Prosecutor General Accused of Inaction

NamRights has blamed the Prosecutor General (PG) Martha Imalwa and her office for the “non-prosecution or slow prosecution” of criminal cases in the country.

In a gly worded statement the human rights organisation said very serious crimes, including white-collar and other grave crimes are yet to be prosecuted because of what it calls indecision and or inaction by the PG and her office. NamRights executive director, Phil ya Nangoloh, was reacting to an article in New Era in which Imalwa and the director of the Legal Assistance Centre, Toni Hancox, expressed shock over the severity of child abuse in Namibia.

The latest statistics reveal that at least 814 Namibian children have either been physically or sexually abused during the past twelve months, while 923 children have been neglected or abandoned in the past year. According to government records 539 girls and 275 boys were physically andor sexually abused during the period April 2013 to March 2014. Records also show that in the past year there has been an increase in children being abandoned and neglected with the toll standing at 923, up from 896 between April 2012 and March 2013. “NamRights does not believe that Prosecutor-General Martha Imalwa is serious about curbing all serious crimes in Namibia. These include very grave crimes such as torture and other cruel, inhuman or degrading treatment or punishment,” the human rights organization claims.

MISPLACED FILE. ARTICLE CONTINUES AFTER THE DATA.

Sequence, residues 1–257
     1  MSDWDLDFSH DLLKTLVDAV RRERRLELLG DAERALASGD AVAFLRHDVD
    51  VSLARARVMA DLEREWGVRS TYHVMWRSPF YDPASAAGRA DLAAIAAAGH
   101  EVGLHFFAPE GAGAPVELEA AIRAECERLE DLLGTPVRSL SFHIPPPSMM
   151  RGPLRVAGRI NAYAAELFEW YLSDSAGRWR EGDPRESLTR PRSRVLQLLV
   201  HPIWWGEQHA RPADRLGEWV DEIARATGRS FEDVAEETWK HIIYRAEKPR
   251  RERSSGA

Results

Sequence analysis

NamRights further says while it agrees with the PG on the gravity of the abuses against children, it held her office and herself personally responsible for the non-prosecution of criminal cases. NamRights pointed to the Caprivi secession case, accusing the PG of failing and refusing to prosecute perpetrators of torture and other cruel and inhuman treatment. Ya Nangoloh further alleges that Imalwa has been sitting on the secession torture dockets for years, while she knows that such degrading treatment or punishment is a grave crime that needs to be brought to justice promptly. Data collected between April 2012 to March 2013 indicate a slight decline of about 8 percent in cases of sexual andor physical abuse of children. Moreover, violence against children often goes unreported since the victims may be too young or afraid to report incidents of abuse or violence.

Source : New Era